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Put your money where your goal mouth is

You may have heard that football is up for a Nobel Prize for Peace. Thankfully, though, it's not up for a Nobel Prize for Economics.

A Swiss company, International Sports Media and Marketing, ponied up a massive sum of money - US $1,620,000,000 - for the marketing rights of the 2002 and 2006 FIFA Men's World Cups. You may be asking yourself, "How can a company even have that much money available?" In ISMM's case, the answer is: It didn't.

The contract, which could well go down as one of the most ill advised moves in the history of sport, will leave a lasting lesson: Relationships don't get you everywhere. Or, to put it another way, love's a bitch.

FIFA's president, Sepp Blatter, has described the international football federation's relationship with ISMM's subsidiary, International Sports Licensing, as a steamy night in Venice. If so, the wife must be calling. ISL will soon face bankruptcy proceedings, with its creditors seeking over US $400,000,000, and the fallout is playing havoc with preparations for the World Cup next year.

ISL had held marketing rights to all FIFA events since 1982, when the company was created and promptly got on the good side of João Havelange, then president of FIFA. It has been receiving special treatment ever since, most notably in 1996 when the massive deal was signed. ISL was bidding opposite IMG, a company that was willing to grab the World Cup rights at any cost. The trouble was, so was ISL. And there was room for only one teacher's pet.

Blatter, FIFA's secretary general in the 1990s, had a particularly soft spot for ISL; Horst Dassler, the late head of Adidas and founder of ISL, set Blatter up at FIFA over twenty years ago. When IMG sent in a bid for US $1,000,000,000 in summer of 1995, Blatter put a lid on negotiations - whilst at the same time secretive talks were going on with ISL. By the end of the year, IMG was willing to top any offer - in writing. Finally, when Blatter opened the floor to final offers, it was MAY 1996, the deadline was only a month away, and furthermore, marketing rights to the 2002 World Cup were only offered in combination with those to the 2006 tournament. IMG was furious, and frantic, whilst ISL was in bed with FIFA.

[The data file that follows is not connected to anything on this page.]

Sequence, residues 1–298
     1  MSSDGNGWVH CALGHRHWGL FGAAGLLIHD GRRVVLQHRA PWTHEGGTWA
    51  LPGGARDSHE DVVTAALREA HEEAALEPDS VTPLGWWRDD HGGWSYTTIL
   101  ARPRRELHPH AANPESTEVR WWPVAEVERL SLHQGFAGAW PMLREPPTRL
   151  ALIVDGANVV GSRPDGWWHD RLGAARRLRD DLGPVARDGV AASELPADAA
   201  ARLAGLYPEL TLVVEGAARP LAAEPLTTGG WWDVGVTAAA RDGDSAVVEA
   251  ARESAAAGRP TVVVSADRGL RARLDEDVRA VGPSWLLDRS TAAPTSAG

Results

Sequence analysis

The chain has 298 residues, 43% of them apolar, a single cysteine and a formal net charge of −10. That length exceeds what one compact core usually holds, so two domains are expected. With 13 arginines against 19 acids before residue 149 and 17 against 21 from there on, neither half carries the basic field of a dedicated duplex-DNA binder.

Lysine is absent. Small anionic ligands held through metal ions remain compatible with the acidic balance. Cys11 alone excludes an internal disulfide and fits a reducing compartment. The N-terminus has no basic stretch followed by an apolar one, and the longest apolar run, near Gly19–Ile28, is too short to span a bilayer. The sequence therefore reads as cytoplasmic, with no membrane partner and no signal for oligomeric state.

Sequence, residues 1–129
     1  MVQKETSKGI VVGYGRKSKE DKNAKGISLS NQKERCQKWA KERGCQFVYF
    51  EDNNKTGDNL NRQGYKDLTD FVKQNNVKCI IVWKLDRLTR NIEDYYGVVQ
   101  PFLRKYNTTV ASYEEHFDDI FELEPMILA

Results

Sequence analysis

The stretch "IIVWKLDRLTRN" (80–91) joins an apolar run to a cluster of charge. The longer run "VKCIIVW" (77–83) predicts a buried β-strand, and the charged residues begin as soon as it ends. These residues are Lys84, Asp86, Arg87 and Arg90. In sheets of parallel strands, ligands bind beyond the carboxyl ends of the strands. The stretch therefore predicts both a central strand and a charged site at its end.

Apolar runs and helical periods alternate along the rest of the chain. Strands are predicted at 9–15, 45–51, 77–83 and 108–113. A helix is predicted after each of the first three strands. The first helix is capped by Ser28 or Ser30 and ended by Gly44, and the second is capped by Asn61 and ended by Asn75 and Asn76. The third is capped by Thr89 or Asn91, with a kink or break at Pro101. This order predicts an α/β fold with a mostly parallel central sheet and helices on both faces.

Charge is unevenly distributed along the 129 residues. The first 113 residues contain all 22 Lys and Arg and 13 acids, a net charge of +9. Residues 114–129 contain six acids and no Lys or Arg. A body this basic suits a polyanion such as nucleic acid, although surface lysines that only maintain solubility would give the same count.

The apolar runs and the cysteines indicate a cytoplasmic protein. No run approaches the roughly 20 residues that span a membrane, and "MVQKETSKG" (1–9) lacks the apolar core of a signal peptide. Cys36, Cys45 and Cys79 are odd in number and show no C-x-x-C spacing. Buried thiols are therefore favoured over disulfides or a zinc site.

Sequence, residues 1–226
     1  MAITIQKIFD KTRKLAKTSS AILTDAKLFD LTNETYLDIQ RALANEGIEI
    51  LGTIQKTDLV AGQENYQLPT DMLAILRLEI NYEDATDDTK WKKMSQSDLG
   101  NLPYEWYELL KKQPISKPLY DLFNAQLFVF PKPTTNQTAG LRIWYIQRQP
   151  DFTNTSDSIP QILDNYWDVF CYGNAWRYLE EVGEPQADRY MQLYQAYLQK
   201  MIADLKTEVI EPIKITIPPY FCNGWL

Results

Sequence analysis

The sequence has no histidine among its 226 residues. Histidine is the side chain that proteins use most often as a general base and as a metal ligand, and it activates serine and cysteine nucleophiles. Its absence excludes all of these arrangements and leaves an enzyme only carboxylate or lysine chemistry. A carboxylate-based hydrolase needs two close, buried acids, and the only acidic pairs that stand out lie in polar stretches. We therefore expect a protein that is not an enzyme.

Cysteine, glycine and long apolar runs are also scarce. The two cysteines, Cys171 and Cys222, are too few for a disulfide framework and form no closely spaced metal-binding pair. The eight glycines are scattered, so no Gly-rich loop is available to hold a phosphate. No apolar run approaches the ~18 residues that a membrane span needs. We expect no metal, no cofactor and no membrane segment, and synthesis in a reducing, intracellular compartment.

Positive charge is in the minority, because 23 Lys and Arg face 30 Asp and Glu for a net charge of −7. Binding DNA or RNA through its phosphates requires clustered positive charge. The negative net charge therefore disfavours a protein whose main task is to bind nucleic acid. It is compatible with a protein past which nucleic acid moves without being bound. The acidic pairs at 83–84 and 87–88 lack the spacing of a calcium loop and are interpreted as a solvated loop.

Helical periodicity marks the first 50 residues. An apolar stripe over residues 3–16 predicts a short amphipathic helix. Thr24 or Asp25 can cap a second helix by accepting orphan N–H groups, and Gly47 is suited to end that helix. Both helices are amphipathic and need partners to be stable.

However, not everyone was keen on ISL. Five of the twenty members of FIFA's executive committee did not make their voices heard: two were absent and three abstained from the vote, which went 9-6 in ISL's favor. In the meantime, ISL, having lost the rights to Olympic marketing less than a year previously, was trying to fill the gap, and did so enthusiastically - perhaps too much so.

Though ISL and FIFA were relatively chummy, ISL still needed to put up a ridiculous sum to beat out the newcomers IMG. All the while, as it was busy negotiating large deals with other sporting ventures, it was sinking into debt. What do companies do when they need money? They go IPO, of course! These contracts existed primarily to entice investors into its public offering, planned for this year. But the markets are in a rough spot, and the IPO was off. ISL's books still had a big hole next to "Revenues" and big numbers next to "Expenditures", with no change coming anytime soon.

In the meantime, FIFA has been creating its own PR firm to handle the marketing, and television rights, which were also part of the package, will probably go to Kirch of Germany. With any luck, networks won't have to pay the absurdly exorbitant fees that ISL had been asking for. For example, British television networks BBC and ITV, who paid US $6,500,000 to show France 98, are now looking at a catalogue for Korea/Japan 2002 coverage. There's only one color, one variety, one size, and one price: US $250,000,000, up by a factor of 40. Why?

Irrationality. ISL and IMG both wanted to market the World Cup. They wanted it really badly. You might have heard people say that they'll get something they want, even if it kills them. That's exactly what happened to ISL, except that the company probably figured it would at least live through the World Cup that it was bidding for.

Bad luck. ISL had been planning to recoup its losses this year, when it went public. The market, though, isn't in a state to support it right now.

Bad planning. What kind of business model assumes six years of bull markets? A business model that sucks.

Closed mindedness. You shouldn't do business with somebody you don't trust. But that doesn't mean you shouldn't do business with somebody you don't know. Blatter, from the look of it, wasn't willing to entertain offers from ISL's competitors, which defeats the purpose of the entire bidding procedure. You find out who wants to market your tournament, how much they'll give you to do it, what they'll do, how they'll do it, and how far they'll go for you. Most importantly, you find out whether the company will go under by the time your event happens.

Nice friendly relationships with certain people might have gotten ISL its big contracts, but no amount of companionship substitutes for useful work and money.